"Gryffindors are recklessly brave. At least, we're reckless according to the Slytherins. They're... kind of our opposites." Harry grimaced. "In fact, you could just about say we hate each other. They're sneaky and will do anything to get ahead. They're more likely to attack you from behind than from where you can see them coming."

This time, the colonel frowned as he tried to think of a way to say it without treading on the kid's obvious dislike. "Those... aren't really bad traits to have, you know. In moderation." Especially when you're headed into a war.

The boy's face set stubbornly. "Voldemort was a Slytherin," he said simply.

He wanted to sigh. Well, now he knew at least part of what he might need to teach Harry, though if Jack had his way it wouldn't ever be necessary. He had no problem at all with never teaching the kid how useful dirty tricks like shooting your enemies in the back could be.

And on the other hand, the beginning of a connection between Voldemort and the boy in front of him had been confirmed. What kind of place really was this Hogwarts, though, to turn out both Harry and the massacre-causing, world-ruler-wannabe Blake had described?

Realizing the compartment had been quiet just a tad too long, Jack glanced at Harry, who was still kneeling on the floor next to his trunk but was now staring moodily off at nothing. "So, uh, that was three of the houses, wasn't it?" he asked quickly.

Harry jumped a little, twisting to look at the American. "Er... yeah. Hufflepuff. They're..." He hesitated over his words. "They're supposed to be the most loyal kids, and the hardest workers, but most people just think of Hufflepuff as the catch-all house, the one the students who couldn't make it into the other houses get put into. I used to think that too," he added, at last returning his attention to the contents of his trunk.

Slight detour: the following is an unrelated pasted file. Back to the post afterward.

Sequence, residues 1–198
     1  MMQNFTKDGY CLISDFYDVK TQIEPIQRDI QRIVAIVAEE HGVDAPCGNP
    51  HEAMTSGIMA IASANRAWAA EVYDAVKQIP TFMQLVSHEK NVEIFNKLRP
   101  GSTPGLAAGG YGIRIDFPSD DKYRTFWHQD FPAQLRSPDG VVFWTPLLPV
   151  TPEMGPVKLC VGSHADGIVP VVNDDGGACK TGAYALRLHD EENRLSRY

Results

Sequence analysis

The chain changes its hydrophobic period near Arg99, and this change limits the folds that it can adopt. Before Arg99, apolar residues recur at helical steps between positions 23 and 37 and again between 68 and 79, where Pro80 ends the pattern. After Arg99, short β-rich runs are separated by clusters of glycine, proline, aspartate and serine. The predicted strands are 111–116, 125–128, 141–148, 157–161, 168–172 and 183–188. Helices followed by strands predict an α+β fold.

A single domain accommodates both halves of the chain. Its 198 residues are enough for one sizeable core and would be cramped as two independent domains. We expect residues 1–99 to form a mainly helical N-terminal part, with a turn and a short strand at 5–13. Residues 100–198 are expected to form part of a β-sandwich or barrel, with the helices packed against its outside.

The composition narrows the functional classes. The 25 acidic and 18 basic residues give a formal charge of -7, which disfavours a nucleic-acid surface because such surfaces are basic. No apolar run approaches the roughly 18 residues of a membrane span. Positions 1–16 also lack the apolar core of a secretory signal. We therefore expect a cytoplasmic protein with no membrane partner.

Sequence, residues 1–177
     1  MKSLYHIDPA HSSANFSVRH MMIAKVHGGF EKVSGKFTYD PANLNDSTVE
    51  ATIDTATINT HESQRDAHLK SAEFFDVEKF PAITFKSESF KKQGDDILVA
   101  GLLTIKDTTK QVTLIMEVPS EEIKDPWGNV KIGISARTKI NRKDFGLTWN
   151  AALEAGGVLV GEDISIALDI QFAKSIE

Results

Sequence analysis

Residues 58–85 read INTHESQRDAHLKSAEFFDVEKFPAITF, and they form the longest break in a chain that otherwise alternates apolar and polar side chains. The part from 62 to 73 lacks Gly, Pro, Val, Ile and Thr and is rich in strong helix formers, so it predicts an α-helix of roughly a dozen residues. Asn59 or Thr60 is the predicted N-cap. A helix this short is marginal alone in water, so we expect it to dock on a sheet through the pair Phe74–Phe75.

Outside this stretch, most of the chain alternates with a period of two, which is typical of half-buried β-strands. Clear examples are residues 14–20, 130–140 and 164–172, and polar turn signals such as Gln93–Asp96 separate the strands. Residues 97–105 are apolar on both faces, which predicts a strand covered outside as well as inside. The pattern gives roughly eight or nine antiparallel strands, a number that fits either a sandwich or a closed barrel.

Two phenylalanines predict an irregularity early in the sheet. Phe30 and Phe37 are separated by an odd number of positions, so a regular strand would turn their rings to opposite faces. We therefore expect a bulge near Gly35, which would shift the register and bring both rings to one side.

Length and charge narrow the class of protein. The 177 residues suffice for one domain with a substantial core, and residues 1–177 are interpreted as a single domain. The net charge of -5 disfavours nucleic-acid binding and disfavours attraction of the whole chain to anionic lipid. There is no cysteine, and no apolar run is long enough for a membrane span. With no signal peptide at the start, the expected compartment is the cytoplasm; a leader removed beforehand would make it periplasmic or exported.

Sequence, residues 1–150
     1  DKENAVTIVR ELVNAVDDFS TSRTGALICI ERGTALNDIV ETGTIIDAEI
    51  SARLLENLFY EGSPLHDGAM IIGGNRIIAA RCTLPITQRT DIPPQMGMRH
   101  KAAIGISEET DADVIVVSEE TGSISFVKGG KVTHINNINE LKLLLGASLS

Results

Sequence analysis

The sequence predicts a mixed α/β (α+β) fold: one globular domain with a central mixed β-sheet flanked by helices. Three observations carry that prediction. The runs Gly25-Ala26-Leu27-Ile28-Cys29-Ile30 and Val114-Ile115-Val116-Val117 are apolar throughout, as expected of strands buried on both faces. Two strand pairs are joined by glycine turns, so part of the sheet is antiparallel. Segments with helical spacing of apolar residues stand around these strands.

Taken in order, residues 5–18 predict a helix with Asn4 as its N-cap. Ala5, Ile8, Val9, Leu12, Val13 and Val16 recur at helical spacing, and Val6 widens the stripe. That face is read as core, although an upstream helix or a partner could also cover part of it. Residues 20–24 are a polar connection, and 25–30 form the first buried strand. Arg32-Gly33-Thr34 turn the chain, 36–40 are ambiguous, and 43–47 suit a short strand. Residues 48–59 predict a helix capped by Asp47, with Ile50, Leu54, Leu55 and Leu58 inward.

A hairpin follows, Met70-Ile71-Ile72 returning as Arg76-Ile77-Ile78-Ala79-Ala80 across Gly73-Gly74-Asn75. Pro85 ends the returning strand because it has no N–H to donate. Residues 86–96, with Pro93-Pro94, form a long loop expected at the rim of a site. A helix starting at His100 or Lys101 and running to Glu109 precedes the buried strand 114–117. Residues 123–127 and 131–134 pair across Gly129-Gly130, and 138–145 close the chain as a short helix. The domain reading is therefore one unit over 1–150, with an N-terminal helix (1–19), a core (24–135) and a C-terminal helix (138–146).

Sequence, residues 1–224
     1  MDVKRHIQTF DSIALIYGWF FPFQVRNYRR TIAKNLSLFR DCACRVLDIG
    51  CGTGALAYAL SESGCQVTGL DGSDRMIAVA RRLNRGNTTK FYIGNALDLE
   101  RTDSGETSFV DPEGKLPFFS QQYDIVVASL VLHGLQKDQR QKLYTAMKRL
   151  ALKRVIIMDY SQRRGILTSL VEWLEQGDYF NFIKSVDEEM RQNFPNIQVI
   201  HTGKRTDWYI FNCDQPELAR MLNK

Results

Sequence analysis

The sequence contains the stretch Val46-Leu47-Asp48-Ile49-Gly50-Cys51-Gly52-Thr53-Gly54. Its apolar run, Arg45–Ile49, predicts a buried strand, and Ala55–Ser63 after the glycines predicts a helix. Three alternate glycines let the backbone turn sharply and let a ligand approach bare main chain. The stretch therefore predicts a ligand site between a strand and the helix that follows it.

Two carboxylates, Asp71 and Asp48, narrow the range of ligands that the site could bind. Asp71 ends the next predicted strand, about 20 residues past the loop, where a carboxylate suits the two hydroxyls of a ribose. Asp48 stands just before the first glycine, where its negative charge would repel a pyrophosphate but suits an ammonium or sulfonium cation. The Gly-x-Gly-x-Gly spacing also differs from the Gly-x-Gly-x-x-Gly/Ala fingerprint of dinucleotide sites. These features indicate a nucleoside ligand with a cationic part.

About to ask what had changed his mind, Jack shut his mouth with a quiet 'click' when Harry spoke again. "Cedric was a Hufflepuff," he said sadly, almost to himself as he pulled out a handful of books. "And he was one of the bravest boys I knew."

A little stunned by the past tense, Jack automatically accepted the books held out to him. Not looking down at them, he watched as Harry resettled himself in his seat. For a moment the boy seemed unaware of his regard, plucking absentmindedly at the hem of his oversized t-shirt, but then he looked up and met Jack's eyes with a frown. "Sir?" he started. "...Just who are you, anyway? I know you're supposed to help train me, but... how can you do that if you're a muggle?"

The colonel's first contemplated response was that he was rather wondering that himself, but instead he sighed. "First off, I need to reintroduce myself. Colonel Jack O'Neill, of the United States Air Force." He held out his hand in a repeat of their earlier meeting, and a startled Harry shook it. "And second... what the hell's a muggle?"

Harry started to say something, then stopped and laughed. "You know, I think I might need to reintroduce myself, too. Harry Potter, fifth-year Gryffindor, and the Boy-Who-Lived." His voice while saying that last was bitter enough that Jack knew there was a not-very-happy, and most likely very long story behind it.

"And a muggle is a person who doesn't have magic."


Author's Note: Harry's views are those of his canon self at the end of fourth year, and will most likely change. This is also the end of what was pre-written; future updates will be slower.